Forget the “if you have children” part of the CFBA’s advice on Amy Wallace‘s first book of the Defenders of Hope Series, RANSOMED DREAMS, if you’re happily married, ” it will hit you like a stab in the gut and wrench you with a twist of the knife.” For that matter, if you’ve ever been unhappily married, I suspect the book may have the same effect, but for very different reasons, as I’ll mention more of later.
They’re also right about the book covering depressing territory, Wallace has put on paper more than just her own worst fears, she’s captured mine, and many other’s as well. Adam declared jokingly that it should be illegal for women to read stories about husbands dying.
Wallace captured the emotions so well, I kept seeing my own husband under a white sheet instead of Gracie Lang’s Mark.I liked the vivid portrayal of the lies both she, and FBI agent Steve Kessler had ingested, and spend so much energy trying to refute.
It’s where so many of us are, and the answers they arrive at are, in my opinion, worth wading through the sister running off to California and having two kids with her live-in boyfriend, the embittered-against-god crimes-against-children agent wearing on his shoulders the weight of every child he fails to return home, and the ill-chosen alcoholic ex-spouse–who conveniently filed for divorce to marry the professor she committed adultery with so as to leave the love interest in the story free to remarry,–and naturally Angela has to show up to file custody claims for a son who has no memory of her.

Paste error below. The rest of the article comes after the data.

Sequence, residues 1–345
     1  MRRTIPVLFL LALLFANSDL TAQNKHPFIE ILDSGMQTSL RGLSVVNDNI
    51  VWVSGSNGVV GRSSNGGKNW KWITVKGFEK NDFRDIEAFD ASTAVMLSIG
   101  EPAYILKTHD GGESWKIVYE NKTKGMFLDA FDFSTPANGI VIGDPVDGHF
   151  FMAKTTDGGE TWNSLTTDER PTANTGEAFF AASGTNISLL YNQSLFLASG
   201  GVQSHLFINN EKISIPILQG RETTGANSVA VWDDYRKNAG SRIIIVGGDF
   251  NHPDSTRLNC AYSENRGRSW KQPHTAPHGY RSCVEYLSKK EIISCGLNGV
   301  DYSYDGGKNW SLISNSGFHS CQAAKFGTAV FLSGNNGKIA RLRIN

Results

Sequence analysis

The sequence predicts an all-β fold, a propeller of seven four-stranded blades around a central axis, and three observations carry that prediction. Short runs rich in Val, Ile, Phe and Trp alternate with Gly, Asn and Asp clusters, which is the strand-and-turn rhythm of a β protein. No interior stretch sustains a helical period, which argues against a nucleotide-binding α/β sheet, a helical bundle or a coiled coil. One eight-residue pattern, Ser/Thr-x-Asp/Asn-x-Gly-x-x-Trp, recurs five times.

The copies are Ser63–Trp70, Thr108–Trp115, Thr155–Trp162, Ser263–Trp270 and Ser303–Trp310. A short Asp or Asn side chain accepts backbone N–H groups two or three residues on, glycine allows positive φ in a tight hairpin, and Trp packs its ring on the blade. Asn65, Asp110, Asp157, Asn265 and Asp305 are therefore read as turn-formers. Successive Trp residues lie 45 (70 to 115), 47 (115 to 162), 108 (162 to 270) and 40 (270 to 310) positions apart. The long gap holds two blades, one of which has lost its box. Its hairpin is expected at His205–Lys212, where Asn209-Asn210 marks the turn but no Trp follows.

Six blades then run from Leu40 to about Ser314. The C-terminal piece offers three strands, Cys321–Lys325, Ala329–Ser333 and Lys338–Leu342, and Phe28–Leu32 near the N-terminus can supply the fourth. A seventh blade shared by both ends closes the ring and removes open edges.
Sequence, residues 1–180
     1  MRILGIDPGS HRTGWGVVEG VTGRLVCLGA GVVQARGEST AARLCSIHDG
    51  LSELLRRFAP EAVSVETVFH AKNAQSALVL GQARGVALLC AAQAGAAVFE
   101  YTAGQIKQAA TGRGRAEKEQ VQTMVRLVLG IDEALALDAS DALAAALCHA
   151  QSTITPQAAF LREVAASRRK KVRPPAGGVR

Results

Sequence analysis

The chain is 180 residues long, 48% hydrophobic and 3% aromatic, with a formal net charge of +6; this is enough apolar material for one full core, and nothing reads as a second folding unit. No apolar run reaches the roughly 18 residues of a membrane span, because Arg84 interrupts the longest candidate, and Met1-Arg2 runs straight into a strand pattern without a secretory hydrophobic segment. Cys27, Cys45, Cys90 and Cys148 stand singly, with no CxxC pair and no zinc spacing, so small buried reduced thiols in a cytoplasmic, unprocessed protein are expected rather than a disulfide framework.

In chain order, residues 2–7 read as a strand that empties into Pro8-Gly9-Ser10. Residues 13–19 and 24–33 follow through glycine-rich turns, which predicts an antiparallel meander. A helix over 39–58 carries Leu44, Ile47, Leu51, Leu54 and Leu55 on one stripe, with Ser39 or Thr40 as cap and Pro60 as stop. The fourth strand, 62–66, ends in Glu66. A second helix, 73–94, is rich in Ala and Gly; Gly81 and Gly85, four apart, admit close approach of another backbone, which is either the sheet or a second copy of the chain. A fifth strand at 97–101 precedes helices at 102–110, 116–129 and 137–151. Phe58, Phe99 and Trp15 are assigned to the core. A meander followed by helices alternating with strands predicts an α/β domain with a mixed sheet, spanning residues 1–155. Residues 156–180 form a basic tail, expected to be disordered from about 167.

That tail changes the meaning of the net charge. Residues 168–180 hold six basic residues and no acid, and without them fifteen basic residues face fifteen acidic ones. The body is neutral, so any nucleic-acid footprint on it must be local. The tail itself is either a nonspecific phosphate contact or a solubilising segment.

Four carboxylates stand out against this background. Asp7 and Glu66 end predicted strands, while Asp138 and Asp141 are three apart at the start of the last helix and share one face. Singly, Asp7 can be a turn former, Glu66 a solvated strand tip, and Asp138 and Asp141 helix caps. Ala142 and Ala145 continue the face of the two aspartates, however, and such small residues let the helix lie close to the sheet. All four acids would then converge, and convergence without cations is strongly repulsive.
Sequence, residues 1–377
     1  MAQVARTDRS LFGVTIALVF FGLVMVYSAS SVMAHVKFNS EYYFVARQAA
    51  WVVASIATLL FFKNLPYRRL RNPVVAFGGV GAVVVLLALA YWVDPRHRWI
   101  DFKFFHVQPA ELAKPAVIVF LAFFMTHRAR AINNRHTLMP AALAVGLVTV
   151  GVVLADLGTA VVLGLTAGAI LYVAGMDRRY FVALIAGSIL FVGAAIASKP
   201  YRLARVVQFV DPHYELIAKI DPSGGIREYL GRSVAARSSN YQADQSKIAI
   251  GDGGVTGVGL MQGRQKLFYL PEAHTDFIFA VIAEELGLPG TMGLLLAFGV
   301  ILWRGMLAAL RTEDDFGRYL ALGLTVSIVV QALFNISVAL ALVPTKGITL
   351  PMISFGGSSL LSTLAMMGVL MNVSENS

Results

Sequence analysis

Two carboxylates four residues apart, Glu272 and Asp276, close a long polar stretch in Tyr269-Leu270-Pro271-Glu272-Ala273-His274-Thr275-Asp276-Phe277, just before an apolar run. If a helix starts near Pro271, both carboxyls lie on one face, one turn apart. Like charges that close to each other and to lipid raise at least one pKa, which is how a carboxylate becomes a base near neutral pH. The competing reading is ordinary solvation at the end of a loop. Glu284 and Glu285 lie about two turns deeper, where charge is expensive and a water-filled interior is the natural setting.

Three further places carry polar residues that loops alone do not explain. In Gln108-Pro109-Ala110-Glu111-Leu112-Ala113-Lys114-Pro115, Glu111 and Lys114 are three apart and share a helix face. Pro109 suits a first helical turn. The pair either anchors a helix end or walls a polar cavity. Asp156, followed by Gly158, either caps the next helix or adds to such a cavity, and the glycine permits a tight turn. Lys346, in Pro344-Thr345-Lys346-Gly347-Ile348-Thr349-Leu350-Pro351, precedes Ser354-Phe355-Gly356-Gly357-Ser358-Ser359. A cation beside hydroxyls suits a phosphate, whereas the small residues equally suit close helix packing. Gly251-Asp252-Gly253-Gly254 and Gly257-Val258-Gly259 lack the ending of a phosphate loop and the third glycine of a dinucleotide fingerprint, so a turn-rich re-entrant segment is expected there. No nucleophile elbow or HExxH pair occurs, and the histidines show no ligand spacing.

It’s not for everyone, if you’re not up for a tear jerker, don’t like novels that actually have a point, or have enough of any of the above situations in your life already and would rather not read about them as well, you might want to skip this one. Otherwise, get your tissues out and enjoy.